Reading the piece several questions popped up in my head. Does an object need a physical presence in our lives to hold meaning? Is it bad for a medium to be reduced to its intangible, ephemeral consumption? And, conversely, can emotional detachment from physical possessions be a positive shift?

These questions all seem to suggest a liberation from a capitalistic mindset. In some ways, it appears to align with the non-consumerist tactic (“tactic” as defined by de Certeau) in opposition to the capitalist strategy of ownership. However, what remains uncertain is the potential loss when the endeavor to possess fewer things transitions into renting extensive portions of one's daily life.

We very much still consume a great deal of things: music, films, art, furniture, houses. Yet, the shift is evident—ownership is replaced by mere usage rights. Αs Dan Greene notes:

Even our most solid, real-world possessions are increasingly inseparable from the intangible and ephemeral digital world. Which means that as much as our relationship to digital possessions may be evolving, so is our relationship to tangible ones — and it’s not a relationship in which the consumer holds much power.

Today tangible objects are increasingly embedded with copyrighted software or offered to us as-a-service which is yielding the power away from the end-user and very much retaining it to the company. Long story short: it might as well be a post-ownership era - just not for everyone. 

‘I affirm that I have created a life style that does not require my presence’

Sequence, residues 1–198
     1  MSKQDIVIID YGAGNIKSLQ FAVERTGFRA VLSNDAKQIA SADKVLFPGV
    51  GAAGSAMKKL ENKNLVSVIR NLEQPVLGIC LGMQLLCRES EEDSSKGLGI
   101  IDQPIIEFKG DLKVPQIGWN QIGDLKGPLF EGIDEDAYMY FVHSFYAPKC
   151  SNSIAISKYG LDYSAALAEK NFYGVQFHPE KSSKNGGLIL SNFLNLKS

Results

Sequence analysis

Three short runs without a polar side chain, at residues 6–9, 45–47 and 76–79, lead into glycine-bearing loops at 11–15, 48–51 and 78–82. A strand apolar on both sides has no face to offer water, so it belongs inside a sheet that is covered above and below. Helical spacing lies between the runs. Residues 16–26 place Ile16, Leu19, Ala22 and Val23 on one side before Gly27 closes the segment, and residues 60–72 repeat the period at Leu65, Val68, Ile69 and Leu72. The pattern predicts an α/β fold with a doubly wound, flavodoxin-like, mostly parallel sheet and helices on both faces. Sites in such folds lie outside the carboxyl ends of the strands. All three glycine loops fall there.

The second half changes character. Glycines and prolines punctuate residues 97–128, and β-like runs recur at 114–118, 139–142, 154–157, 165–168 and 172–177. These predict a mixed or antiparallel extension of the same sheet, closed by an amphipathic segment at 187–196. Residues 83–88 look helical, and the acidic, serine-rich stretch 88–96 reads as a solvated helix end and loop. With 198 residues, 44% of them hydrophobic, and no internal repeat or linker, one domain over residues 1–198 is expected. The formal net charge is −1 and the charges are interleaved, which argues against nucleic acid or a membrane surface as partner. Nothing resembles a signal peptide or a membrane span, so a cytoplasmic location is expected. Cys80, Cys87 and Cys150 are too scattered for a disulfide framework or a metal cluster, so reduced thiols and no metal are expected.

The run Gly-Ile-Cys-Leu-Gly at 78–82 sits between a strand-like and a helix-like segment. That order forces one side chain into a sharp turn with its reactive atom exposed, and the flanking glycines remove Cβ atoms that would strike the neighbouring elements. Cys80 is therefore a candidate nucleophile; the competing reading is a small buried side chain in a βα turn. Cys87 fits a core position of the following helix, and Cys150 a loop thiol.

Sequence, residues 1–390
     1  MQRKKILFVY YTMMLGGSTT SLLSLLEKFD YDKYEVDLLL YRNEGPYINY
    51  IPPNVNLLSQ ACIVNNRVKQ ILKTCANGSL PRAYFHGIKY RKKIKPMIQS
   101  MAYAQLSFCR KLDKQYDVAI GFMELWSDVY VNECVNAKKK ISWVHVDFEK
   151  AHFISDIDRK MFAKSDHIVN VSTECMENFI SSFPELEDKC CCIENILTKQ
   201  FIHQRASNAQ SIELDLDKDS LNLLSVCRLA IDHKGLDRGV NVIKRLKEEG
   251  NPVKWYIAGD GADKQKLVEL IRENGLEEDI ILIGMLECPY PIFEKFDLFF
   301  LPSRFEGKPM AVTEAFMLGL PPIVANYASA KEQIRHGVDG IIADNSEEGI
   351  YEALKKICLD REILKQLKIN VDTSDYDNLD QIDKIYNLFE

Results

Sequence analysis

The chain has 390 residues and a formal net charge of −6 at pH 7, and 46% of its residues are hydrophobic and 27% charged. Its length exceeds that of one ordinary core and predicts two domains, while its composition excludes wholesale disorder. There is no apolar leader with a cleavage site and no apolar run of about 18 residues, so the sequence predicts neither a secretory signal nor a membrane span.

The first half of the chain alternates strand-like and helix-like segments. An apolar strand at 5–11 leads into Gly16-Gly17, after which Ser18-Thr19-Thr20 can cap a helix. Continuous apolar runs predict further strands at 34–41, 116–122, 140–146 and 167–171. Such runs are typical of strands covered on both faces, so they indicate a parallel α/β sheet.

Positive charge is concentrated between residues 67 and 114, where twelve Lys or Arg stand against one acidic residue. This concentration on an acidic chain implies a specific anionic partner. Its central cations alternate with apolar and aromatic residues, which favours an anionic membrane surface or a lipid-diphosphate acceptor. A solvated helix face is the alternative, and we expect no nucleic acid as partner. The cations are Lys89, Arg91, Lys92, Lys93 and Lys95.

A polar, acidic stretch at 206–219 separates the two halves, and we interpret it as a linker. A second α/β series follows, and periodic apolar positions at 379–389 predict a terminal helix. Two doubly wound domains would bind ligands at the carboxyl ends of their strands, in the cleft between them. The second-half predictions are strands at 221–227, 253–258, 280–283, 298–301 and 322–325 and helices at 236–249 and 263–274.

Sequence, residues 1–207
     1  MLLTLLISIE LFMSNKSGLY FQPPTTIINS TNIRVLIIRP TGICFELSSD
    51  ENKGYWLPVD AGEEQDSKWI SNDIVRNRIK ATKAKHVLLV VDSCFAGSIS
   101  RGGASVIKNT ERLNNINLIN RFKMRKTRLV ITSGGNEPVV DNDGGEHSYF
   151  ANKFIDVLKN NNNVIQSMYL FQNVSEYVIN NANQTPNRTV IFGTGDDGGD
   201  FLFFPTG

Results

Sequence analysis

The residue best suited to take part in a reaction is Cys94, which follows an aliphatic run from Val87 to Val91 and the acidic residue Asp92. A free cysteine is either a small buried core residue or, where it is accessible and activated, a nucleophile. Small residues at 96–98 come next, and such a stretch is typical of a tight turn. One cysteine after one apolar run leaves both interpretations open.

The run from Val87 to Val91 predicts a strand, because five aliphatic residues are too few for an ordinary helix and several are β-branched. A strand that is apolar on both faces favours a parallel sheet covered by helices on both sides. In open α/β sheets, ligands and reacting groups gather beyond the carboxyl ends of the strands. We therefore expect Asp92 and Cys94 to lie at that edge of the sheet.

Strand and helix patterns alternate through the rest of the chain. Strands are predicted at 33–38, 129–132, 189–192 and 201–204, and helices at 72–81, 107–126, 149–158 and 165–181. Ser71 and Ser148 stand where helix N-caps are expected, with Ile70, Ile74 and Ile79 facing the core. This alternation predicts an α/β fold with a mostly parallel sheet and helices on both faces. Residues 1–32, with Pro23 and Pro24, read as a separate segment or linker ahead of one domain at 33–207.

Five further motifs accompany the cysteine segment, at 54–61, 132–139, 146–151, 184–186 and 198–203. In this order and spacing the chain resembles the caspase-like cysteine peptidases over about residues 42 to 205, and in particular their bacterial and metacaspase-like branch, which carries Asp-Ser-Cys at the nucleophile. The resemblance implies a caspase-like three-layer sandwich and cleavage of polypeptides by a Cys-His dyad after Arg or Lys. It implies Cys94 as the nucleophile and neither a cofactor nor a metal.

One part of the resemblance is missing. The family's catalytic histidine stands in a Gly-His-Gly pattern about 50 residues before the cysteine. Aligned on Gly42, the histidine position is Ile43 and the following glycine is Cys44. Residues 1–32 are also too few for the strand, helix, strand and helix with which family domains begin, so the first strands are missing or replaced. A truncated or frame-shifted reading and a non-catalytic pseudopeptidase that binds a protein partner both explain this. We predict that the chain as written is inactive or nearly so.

At some point, at least in the US, housing was considered “the global mascot of the ownership society”. This is hardly the case today: we live in apartments that carry little to no information of “personal”. We do not own (and thus cannot physically alter or permanently change), we do not fill them with objects that are uniquely ours or that have acquired the essence of ‘personal’ through time. Instead we carry the ‘personal’ in the form of passwords to subscription-based online services which we merely rent our right to temporarily use.

If we were once aligned with the idea that tactics weaponize time against space, then the current subscription-based economy and its post-ownership era might as well be the exact opposite: the weaponization of time by strategies. Living in short intervals by renting chunks of your everyday life that we are not allowed to mess with prevents us from storing crucial aspects of our being-ness in a format that we have bottom-up control of.

There must be some sort of clear horror assigned to this new era of dwelling, of in-habiting. Perhaps the horror of the double, of the copy? 

Maybe one day downloading a house will actually be possible.

Bonus Round

I was going through some notes on James Gleick’s book “FASTER” when I stumbled on this quote by Steward Brand, creator of the Whole Earth Catalog in the 1980s, talking about the transition to digital storage. “There has never been a time of such drastic and irretrievable information loss. We’ve turned into a total amnesiac, we do short-term memory, period”. 

Well, last week the whole of the Whole Earth Catalog went online!